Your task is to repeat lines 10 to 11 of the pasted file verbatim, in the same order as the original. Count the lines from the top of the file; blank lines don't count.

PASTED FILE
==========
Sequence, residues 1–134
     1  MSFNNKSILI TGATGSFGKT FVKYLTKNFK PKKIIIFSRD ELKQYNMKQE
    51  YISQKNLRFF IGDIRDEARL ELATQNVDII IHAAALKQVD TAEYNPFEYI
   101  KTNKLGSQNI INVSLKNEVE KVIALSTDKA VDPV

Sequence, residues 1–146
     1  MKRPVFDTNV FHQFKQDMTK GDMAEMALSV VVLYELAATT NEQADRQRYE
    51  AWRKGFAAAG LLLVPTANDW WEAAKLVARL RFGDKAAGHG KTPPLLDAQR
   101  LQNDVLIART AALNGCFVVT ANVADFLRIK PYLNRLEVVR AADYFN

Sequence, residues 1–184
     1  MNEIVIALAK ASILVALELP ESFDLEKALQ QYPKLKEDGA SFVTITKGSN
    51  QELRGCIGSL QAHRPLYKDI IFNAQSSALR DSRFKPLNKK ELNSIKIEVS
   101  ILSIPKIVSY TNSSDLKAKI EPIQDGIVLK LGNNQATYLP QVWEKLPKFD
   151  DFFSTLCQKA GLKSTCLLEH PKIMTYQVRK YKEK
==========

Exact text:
     1  MNEIVIALAK ASILVALELP ESFDLEKALQ QYPKLKEDGA SFVTITKGSN
    51  QELRGCIGSL QAHRPLYKDI IFNAQSSALR DSRFKPLNKK ELNSIKIEVS